Syrian rebels launch campaign to 'liberate' Damascus
SYRIAN rebel commanders claimed to have launched a military campaign to "liberate" Damascus as fighting closes in on country's parliament building.
With an ever-bolder rebel assault threatening to expose Bashar al-Assad's increasingly tenuous hold on power, the Syrian president was accused of resorting for the first time to helicopter gunships to defend his once-impregnable capital.
Opposition fighters demonstrated their increasing confidence by launching hit-and-run attacks in the centre of the city close to some of the most heavily guarded symbols of government authority.
Firefights were reported within quarter of a mile of the Syrian parliament as well as outside the country's central bank. Shooting briefly forced the closure of Baghdad Street, one of the principal thoroughfares in central Damascus.
Other streets lay deserted as residents, once confident that they were far removed from Syria's turmoil, closed their shops and stayed at home. Hundreds of families were said to be fleeing the city.
Rebel commanders declared that the "Battle for Damascus" had begun, with fighters drafted into the city from other areas of the country as part of an operation they called "Damascus Volcano and Earthquakes of Syria".
"We have a clear plan to control the whole of Damascus," said Col Kassem Saadeddine, a spokesman for the joint command of the Free Syrian Army. "We only have light weapons, but it is enough." As in the previous two days, the bulk of the fighting took place in Sunni suburbs north and south of the city centre.
Rebel forces claimed to have shot down a government helicopter, though they provided no evidence. Video footage was released showing rebel fighters dancing around a captured armoured vehicle.
The FSA predicted that Mr Assad's days were numbered. "We advise Bashar al-Assad to get out of Damascus now, otherwise he will die inside the capital," said Louay al-Mokdad, a logistical co-ordinator for the rebel group.
In what appeared to be a significant change of tactic by the armed opposition, he said that rebel units from Homs, Deraa and two other cities had been drafted into the capital. In a sign of Mr Assad's desperation, government troops were recalled from other parts of the country to reinforce the capital. They included soldiers based on the border of the Israeli-occupied Golan Heights, Israel's head of army intelligence, Maj Gen Aviv Kochavi, told a parliamentary committee in Jerusalem.
Tanks and lines of armoured personnel vehicles positioned themselves around the Midan, within three miles of the Presidential Palace. "The regime forces are using speakers telling people to leave. They are threatening to shell the area," said Tarek, a Damascus activist.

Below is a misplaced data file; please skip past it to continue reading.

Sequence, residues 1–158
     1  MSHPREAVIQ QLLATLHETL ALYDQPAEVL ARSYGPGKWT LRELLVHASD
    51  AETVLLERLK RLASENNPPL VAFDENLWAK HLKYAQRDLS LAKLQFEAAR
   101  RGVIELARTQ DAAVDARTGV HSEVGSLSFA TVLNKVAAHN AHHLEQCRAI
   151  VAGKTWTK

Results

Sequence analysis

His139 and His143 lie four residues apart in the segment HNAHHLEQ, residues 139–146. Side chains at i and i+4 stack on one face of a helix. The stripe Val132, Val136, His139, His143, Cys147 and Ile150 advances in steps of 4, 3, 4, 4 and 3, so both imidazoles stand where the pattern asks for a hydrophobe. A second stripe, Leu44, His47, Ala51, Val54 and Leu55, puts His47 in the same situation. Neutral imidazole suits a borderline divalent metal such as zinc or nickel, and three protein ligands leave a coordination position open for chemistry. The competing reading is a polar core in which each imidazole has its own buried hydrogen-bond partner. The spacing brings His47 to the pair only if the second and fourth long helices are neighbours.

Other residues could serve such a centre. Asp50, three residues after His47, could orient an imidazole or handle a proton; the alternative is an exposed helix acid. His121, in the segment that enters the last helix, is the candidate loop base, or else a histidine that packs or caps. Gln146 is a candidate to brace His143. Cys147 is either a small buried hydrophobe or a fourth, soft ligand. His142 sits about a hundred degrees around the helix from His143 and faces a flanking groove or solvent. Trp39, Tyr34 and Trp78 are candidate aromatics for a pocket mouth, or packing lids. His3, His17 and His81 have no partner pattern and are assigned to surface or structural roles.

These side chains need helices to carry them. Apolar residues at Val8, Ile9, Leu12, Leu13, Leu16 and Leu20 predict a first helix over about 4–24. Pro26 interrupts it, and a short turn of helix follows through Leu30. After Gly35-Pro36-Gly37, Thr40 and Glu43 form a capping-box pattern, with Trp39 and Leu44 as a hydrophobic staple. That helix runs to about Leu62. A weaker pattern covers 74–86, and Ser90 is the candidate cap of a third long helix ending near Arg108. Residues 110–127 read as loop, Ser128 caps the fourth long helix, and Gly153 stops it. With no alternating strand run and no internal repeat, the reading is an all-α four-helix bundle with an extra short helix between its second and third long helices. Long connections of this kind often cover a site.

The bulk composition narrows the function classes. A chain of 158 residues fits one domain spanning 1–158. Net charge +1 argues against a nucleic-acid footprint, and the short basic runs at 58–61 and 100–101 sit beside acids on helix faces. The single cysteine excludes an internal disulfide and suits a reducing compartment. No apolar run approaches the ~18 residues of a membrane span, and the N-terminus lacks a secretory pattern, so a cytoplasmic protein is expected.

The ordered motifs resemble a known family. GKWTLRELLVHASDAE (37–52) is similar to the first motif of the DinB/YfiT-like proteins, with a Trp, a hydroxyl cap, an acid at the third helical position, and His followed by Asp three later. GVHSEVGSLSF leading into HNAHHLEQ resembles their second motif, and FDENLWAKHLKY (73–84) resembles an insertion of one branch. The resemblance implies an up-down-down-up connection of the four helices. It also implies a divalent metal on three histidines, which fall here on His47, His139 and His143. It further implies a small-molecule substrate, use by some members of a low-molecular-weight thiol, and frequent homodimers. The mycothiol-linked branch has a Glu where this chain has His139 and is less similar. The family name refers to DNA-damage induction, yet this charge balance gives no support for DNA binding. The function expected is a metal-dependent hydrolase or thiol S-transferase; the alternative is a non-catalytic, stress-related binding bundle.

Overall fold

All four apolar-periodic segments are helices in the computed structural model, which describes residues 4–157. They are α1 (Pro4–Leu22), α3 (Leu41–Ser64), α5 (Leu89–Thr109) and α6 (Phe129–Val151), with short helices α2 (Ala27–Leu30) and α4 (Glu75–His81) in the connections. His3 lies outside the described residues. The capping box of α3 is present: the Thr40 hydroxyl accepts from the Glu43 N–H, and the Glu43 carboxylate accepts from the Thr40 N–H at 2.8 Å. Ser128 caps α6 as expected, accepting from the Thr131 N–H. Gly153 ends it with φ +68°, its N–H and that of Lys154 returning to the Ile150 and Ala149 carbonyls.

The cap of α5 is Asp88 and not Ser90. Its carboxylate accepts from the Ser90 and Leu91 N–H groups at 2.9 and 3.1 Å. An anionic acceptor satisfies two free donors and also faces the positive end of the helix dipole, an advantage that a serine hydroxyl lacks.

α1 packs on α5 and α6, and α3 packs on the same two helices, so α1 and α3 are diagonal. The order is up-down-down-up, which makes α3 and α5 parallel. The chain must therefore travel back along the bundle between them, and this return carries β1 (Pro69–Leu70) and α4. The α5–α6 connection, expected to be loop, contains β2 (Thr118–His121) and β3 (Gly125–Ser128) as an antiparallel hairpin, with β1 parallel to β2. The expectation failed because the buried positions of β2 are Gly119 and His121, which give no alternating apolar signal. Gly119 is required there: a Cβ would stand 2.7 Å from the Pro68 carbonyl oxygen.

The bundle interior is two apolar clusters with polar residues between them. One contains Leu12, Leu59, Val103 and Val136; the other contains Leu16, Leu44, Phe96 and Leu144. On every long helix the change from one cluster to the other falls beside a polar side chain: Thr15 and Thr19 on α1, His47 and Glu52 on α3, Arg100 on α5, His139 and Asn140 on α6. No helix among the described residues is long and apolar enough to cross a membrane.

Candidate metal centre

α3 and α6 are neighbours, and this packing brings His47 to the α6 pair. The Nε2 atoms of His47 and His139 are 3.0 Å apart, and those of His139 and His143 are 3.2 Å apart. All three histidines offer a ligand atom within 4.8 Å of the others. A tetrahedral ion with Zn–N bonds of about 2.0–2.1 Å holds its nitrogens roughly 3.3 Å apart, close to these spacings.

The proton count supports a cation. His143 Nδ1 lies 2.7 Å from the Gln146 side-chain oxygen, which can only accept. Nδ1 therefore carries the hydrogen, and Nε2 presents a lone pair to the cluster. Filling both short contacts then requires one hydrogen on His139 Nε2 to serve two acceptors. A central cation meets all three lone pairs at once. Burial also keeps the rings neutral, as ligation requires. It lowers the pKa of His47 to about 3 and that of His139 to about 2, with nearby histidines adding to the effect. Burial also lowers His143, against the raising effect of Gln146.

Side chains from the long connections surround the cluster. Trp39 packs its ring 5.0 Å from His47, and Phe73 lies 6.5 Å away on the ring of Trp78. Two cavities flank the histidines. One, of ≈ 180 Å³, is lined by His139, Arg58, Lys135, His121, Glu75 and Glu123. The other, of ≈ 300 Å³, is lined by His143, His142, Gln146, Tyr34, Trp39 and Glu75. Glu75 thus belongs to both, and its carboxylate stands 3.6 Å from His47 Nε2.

Gunfire rattled throughout the district as FSA rebels clashed with government troops and loyalist paramilitaries. Snipers were positioned behind sandbags on Midan's rooftops.
Although helicopters were seen flying above the city, it was unclear if there was any truth in rebel claims that they had opened fire on opposition strongholds.
On Tuesday night, General Manaf Tlass, a military defector, called for a political transition in Syria. In his first statement to the media since his defection was announced on July 6, Gen Tlass said the regime held "the majority of responsibility" for the crisis and confirmed he was in Paris.
A general in the elite Republican Guard charged with protecting the regime, Gen Tlass is the son of Mustafa Tlass, a former defence minister and close friend of Mr Assad's late father and predecessor.
While the focus of Syria's civil war is shifting towards Damascus, it is far from certain that the rebels are yet in a strong enough position to take the capital.
Tuesday's clashes were more widespread than previous days, but they were also less intense, suggesting that some rebels may be on the defensive.
Despite suffering several military defeats in major cities, opposition fighters have clung on to their strongholds north of Damascus, particularly in areas close to the Turkish frontier. But their ability to hold territory closer to the capital has so far been much patchier.
Even so, Mr Assad's position is weakening, a fact that appeared to prompt a small but potentially significant shift in Russian policy. Sergei Lavrov, the Russian foreign minister, declared that Moscow was ready to seek consensus in the United Nations Security Council over a resolution to end the Syrian conflict.
Meanwhile, gruesome video footage showing the corpse of the late Libyan leader Col Muammar Gaddafi being abused by the men who killed him was highlighted by Syrian activists as an example of what could happen to Mr Assad. In the video, Gaddafi's body is seen lying in the laps of armed men in the back of a minivan. At one point, they use his head as a ventriloquist's dummy, though the sound quality is too indistinct to hear what they are making him "say".
A Syrian activist posted a link to the video on Twitter with the comment: "Someone needs to send this to Assad".